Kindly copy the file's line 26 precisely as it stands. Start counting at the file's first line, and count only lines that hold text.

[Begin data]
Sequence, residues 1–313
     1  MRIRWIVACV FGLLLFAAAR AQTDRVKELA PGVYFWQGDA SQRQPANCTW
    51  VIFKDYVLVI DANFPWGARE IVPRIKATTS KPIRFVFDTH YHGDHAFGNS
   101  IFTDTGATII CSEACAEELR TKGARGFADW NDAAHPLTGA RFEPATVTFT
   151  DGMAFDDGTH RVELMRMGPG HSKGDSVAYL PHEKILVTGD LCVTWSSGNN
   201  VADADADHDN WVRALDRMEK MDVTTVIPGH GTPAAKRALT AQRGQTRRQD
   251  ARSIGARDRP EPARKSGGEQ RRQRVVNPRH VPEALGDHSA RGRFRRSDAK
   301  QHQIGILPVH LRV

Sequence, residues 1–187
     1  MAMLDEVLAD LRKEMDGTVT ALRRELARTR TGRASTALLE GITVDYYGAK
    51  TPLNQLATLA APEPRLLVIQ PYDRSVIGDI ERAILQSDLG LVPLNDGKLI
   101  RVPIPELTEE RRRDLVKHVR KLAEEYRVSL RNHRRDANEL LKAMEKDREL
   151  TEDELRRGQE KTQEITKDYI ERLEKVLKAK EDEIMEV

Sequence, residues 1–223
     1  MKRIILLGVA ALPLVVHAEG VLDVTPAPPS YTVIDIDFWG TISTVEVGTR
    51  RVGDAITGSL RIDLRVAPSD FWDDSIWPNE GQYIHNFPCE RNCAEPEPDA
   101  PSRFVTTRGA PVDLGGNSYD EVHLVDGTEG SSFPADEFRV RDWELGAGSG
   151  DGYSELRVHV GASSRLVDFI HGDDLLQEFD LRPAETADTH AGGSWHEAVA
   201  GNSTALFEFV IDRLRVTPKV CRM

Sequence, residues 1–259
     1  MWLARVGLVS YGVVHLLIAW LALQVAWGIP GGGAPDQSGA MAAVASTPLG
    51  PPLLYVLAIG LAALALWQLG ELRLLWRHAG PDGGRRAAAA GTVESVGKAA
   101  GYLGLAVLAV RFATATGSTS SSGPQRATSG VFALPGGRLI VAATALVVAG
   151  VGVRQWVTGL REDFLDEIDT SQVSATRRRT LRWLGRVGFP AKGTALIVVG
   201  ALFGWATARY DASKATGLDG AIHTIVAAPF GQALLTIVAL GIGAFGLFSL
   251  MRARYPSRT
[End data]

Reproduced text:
   251  MRARYPSRT